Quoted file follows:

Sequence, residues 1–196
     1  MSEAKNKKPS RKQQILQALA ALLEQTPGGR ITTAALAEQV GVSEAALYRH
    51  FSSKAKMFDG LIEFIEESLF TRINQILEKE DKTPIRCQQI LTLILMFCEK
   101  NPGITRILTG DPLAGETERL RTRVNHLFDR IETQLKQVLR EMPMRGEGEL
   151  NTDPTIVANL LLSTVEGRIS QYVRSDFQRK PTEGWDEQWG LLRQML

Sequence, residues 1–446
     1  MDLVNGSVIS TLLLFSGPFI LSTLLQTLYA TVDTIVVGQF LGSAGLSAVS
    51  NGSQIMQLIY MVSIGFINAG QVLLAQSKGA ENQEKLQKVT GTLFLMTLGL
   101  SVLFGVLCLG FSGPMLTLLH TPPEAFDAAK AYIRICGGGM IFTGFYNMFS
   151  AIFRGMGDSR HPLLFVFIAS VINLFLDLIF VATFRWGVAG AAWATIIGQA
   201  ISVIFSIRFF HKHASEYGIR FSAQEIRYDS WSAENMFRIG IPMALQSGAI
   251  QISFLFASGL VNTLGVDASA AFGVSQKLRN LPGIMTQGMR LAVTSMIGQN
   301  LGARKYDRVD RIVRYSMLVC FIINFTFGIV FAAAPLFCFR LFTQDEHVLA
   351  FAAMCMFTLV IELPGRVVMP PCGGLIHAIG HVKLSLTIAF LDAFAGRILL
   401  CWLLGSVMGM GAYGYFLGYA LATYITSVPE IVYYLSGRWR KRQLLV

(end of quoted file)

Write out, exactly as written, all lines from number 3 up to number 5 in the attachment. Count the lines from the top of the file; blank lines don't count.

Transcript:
    51  FSSKAKMFDG LIEFIEESLF TRINQILEKE DKTPIRCQQI LTLILMFCEK
   101  NPGITRILTG DPLAGETERL RTRVNHLFDR IETQLKQVLR EMPMRGEGEL
   151  NTDPTIVANL LLSTVEGRIS QYVRSDFQRK PTEGWDEQWG LLRQML